25 to 35-Year-Olds Most Affected by Eating Disorders in Ireland

By John Lavitt 10/23/14

The new report stresses that eating disorders can affect people of any age, not just teenagers.

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According to a Bodywhys report, the age group now most affected by eating disorders in Ireland are 25 to 35-year-olds.

As the Eating Disorder Association of Ireland, Bodywhys reported that close to a third of those with an eating disorder are in the 25 to 35 age group as opposed to the younger 19 to 24 age group of previous years. The report stresses, "eating disorders are not just a teenage issue.”

While one in five of the 10,000 people contacting the service had developed an eating disorder in the past six months, more than one in four had suffered with the condition for more than a decade. Women greatly outnumbered men nine to one. Almost half of the callers had never engaged in any form of treatment.

Anorexia was the most common disorder at 38%, followed by binge eating disorder at 26%, then bulimia a close third at 25%. Although email was the primary form of contact, offering a certain anonymity, the local call helpline in Dublin came in second with online groups coming in third. At 31%, 25 to 35 years olds clearly made up the biggest age group reaching out for help.

In the past, the dominant group for adults has been in the younger age range of 19 to 24. The question is why has this change taken place and what does it imply in regards to eating disorders in Ireland and beyond. Robyn L. Goldberg, RDN, CEDRD, analyzed the new statistics from Ireland, comparing them to her practice in Southern California.

“From my experience with the 25 to 35 age range, I have found that such clients have different stressors in their lives when compared to younger adults," Goldberg told The Fix. "They have taken on greater financial responsibilities like a new baby or a mortgage. Despite getting older, they never actually developed the coping mechanisms needed."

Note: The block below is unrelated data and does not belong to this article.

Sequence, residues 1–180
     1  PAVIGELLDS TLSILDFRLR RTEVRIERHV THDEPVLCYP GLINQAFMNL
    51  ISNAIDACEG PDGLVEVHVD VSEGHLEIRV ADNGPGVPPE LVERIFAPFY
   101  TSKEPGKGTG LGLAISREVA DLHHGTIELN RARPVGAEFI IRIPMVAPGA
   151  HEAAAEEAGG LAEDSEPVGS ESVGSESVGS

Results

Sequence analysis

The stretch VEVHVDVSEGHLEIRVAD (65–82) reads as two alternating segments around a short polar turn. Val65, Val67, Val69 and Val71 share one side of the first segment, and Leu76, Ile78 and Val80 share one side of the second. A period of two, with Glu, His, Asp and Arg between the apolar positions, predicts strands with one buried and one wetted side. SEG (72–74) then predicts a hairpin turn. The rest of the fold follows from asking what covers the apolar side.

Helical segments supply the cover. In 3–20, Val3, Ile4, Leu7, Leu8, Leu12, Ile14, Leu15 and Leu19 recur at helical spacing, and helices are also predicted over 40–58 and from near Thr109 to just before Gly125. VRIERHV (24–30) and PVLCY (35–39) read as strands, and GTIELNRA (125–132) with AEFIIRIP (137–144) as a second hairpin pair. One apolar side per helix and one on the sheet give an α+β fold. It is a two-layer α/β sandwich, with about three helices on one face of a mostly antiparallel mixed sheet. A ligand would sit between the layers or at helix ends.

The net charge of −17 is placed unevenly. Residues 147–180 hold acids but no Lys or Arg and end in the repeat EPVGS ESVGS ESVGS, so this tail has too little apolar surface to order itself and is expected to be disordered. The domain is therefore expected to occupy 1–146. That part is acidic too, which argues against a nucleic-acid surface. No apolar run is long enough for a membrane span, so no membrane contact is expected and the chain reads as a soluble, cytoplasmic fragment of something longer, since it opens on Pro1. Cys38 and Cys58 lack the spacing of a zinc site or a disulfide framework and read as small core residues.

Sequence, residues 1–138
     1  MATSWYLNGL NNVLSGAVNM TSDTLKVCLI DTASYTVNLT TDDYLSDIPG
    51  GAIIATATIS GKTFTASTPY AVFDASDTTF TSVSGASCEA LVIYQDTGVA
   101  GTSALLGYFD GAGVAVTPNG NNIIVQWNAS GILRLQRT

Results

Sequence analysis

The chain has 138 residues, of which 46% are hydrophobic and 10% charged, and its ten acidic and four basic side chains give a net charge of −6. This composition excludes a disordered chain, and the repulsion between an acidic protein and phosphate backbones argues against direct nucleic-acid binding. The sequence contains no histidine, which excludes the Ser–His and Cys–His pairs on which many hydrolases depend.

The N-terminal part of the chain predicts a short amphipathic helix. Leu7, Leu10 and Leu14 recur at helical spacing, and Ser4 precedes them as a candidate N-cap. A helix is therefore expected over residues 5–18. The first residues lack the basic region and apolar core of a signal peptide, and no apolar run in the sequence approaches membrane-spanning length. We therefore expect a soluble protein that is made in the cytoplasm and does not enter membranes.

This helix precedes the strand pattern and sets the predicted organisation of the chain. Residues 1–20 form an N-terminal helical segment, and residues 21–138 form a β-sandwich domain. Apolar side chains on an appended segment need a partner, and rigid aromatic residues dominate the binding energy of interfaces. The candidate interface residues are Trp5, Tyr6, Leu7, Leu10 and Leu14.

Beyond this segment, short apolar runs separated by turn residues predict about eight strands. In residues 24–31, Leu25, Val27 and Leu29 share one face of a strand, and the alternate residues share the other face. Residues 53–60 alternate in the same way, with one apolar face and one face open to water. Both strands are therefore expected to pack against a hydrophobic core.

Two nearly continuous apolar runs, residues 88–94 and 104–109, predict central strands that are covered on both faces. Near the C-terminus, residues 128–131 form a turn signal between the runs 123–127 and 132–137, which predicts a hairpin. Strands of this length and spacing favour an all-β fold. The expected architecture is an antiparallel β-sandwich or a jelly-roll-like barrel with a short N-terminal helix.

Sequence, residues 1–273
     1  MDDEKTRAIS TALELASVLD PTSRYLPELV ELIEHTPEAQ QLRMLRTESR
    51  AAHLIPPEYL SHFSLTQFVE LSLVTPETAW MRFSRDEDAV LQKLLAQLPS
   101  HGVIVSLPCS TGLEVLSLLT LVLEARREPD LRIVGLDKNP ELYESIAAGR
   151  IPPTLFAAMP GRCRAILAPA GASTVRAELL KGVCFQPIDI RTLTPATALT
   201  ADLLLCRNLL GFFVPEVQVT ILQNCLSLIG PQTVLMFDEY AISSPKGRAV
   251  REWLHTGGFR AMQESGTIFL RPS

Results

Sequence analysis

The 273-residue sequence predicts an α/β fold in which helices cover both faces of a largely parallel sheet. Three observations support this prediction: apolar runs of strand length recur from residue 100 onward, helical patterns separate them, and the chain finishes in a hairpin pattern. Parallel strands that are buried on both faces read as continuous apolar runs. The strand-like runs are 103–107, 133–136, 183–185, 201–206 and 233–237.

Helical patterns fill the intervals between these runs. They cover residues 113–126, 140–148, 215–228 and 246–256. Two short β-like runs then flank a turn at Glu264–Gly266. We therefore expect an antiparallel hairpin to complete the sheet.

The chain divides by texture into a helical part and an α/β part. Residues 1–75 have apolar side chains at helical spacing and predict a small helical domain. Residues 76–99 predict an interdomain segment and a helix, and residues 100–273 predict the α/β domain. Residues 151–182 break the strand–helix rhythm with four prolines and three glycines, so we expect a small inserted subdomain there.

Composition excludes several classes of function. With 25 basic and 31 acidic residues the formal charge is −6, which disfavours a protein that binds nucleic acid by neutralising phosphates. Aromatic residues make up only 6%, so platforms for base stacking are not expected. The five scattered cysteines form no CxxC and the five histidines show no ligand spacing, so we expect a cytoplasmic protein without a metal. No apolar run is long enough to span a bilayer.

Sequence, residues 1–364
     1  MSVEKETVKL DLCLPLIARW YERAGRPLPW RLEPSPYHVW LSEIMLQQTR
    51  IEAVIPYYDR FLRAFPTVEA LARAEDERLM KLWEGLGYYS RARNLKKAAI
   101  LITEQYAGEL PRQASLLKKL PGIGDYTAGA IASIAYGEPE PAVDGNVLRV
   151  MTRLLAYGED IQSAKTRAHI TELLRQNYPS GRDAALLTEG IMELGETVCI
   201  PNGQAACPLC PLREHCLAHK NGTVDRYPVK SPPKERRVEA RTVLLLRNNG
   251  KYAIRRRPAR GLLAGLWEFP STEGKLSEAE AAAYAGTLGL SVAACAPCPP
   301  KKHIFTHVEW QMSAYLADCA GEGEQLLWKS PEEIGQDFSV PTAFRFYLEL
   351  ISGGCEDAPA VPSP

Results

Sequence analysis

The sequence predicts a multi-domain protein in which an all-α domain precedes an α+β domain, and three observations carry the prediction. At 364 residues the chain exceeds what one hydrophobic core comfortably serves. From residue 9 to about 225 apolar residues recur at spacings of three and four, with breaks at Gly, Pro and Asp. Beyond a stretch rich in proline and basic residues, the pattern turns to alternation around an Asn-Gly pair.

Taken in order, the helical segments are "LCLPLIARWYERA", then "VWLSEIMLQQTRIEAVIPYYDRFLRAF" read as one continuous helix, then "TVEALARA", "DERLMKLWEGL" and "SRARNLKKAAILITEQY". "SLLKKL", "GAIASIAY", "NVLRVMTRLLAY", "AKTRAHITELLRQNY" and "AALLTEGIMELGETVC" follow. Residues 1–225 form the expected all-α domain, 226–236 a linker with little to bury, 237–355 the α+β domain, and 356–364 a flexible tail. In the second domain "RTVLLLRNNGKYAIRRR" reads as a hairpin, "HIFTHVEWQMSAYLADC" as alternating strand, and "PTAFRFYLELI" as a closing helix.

"Eating disorders from the past often resurface at these times," Goldberg continued. "Beyond such relapses, more challenging are the clients in the age range of 25 to 35, who suddenly develop a new relationship with food that is unhealthy and even dangerous. I would imagine the same thing often happens in Ireland and across the world as a whole.”

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Growing up in Manhattan as a stutterer, John Lavitt discovered that writing was the best way to express himself when the words would not come. After graduating with honors from Brown University, he lived on the Greek island of Patmos, studying with his mentor, the late American poet Robert Lax. As a writer, John’s published work includes three articles in Chicken Soup For The Soul volumes and poems in multiple poetry journals and compilations. Active in recovery, John has been the Treatment Professional News Editor for The Fix. Since 2015, he has published over 500 articles on the addiction and recovery news website. Today, he lives in Los Angeles, trying his best to be happy and creative. Find John on Facebook, Twitter, and LinkedIn.